As Rome sunk from republic to empire, its citizenship was expanded from Romans eventually to millions who had never set foot in Rome or Italy, but were ruled by the emperor. As the franchise expanded, suffrage meant less and less until the army, not citizens, choose an emperor’s successor.
The Founders prohibited a religious test for office, having learned from the bloody wars of religion.
The Founders could not imagine that ideology would take the place of religion; that the same passions they saw attached to dogmas of petty sects would be possible without God; that a single ideological party with a greater reach than any religion would come to rule peoples and nations, including their own.
In America this ideology would create a fourth branch of government—the regulatory state—and its allies in the legislature would abandon legislative duties to write bills enabling the bureaucracy unchecked power; its allies in the executive abandon its oversight duties allowing the bureaucracy to set its own methods and goals; and its allies in the judiciary rule to expand its powers again and again.
It is not possible to ban ideology from government, as government is its purpose, and so, until we—or more likely our successors—can create new checks and balances, by ideology shall we be ruled despite its failures and interregnums.
The simple-minded think legislators sagely debate proposed legislation then wisely choose which laws by which we will be governed. Naivety of this sort embarrass the human race.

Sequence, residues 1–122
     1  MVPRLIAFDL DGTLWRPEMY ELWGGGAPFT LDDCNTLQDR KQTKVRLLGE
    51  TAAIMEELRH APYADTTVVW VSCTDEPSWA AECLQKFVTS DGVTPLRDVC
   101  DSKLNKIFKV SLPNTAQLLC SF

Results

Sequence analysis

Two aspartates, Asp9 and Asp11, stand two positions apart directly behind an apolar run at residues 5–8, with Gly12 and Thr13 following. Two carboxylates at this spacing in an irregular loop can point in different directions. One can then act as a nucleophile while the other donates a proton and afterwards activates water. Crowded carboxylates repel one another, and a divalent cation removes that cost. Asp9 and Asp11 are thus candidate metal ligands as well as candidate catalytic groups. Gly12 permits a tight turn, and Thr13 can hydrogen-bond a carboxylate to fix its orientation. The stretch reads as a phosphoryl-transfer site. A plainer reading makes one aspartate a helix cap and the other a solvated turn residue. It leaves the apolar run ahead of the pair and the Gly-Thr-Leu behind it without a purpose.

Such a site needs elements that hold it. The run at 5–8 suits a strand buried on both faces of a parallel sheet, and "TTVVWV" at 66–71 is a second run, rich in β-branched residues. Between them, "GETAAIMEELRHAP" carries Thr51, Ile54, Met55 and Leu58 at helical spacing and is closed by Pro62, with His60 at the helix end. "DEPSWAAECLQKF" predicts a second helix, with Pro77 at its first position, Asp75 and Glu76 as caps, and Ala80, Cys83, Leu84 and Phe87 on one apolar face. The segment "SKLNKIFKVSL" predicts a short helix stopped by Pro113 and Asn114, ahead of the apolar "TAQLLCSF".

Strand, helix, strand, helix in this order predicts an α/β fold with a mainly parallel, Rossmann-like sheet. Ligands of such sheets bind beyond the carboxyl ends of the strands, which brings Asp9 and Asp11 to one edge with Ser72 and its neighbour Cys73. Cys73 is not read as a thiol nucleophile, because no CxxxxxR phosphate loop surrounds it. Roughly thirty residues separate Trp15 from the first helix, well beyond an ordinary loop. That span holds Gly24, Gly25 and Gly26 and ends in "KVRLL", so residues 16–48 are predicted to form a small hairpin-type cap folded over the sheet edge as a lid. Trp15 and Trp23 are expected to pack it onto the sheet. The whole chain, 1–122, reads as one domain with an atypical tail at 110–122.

Actually, legislators blow with the wind, extract graft from all sides, and vote with whomever appears to have the most bribery, authority or popularity.
Legislators, sensitive to passion and money in factions, damper factional differences by appearing to consider multiple opinions and by accepting
bribes contributions from clashing interests.
In an ideological struggle swaying with popularity won’t help a barometric legislator—both sides will hate such a Solon.
It’s hard to ignore one of the largest countries in the world. The question to ask yourself is, are the Chinese people better off with a limited version of Google, or are they better off with no access at all? And that’s not so clear to me. –John Hennessy, Alphabet
China may not be clear to him, but it’s clear to me that Alphabet thinks that limited versions of Google and YouTube are better for the American people.
By limited he means lying by omission.
When asked about censorship in China, Communist repression, and Laogai, Hennessy replied, “I know nothing! Nothing! — A Google search will show nothing!” [Not a real quote.]
It’s possible deceit and subterfuge by software multinationals and dependence of governments on software ends with the obsolescence of government and declaration of the World Corporate Congress.
Loss of corrupt, oppressive socialist states such as the People’s Republic of China would be no big loss. Government by Alibaba might improve China.